What is in this article?:
Fall or spring?
Doug Olson owns three 30-ft. Summers Supercoulter Plus vertical-tillage machines with rolling choppers – each with a different blade configuration. After corn harvest, he uses a machine equipped with wavy blades to slice stalks into 5- or 6-in. pieces. The wavy blades also throw some soil, “so you get more tillage effect. I use them in the fall for more incorporation of residue.” In the spring, he uses less aggressive smooth blades “for aeration, to warm the soil and prepare the seedbed.”
Olson’s corn ground gets two vertical tillage passes: one in the fall to size the residue and promote breakdown, and one in the spring to fluff up the residue and loosen soil in the planting zone. Soybeans, which respond less to tillage, get only one pass in the spring, a few days ahead of the planter.
The timing of shallow vertical tillage depends on your goals and soil conditions, says DeAnn Presley, a soil scientist at Kansas State University. If your object is to break down residue faster, a fall pass works best, giving soil microbes more time to work their magic. But you sacrifice the conservation benefits of leaving residue intact over the winter, she says. “One weakness of all vertical-tillage tools is they don’t have a lot of ability to anchor residue in the soil. They cut residue well and leave it on the surface. But if it’s sloping ground or ground prone to wind erosion, the residue can move. We’ve seen that happen in eastern and western Kansas.”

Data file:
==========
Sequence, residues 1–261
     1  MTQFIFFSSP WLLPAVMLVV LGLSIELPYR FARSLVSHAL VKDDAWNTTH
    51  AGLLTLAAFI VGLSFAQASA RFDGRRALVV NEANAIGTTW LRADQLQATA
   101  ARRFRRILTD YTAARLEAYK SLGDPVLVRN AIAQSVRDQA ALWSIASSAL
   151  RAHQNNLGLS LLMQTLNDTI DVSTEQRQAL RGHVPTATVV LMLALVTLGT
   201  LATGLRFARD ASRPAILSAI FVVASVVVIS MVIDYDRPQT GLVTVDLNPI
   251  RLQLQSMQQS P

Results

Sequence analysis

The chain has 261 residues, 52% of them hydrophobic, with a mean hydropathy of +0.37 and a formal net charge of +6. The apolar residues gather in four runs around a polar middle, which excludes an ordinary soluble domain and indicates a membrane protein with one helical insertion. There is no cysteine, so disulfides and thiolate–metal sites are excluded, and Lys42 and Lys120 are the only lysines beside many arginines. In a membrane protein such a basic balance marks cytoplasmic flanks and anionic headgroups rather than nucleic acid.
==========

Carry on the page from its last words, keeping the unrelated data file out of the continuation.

If erosion is a risk, a spring pass is preferable, Presley says. However, a spring operation raises the risk of tractor-wheel compaction, says Purdue Extension Agronomist Tony Vyn.
During several cold, wet springs in northwestern Minnesota and eastern North Dakota, though, shallow vertical tillage was the only practical option for seedbed prep, says Jodi DeJong-Hughes, Minnesota Extension regional educator.
“It’s shallow, straight, and there are no shanks that can smear the soil. It just warmed and dried the soil enough so people could plant.” In some cases, she adds, “It made the difference between being able to plant and preventing planting.”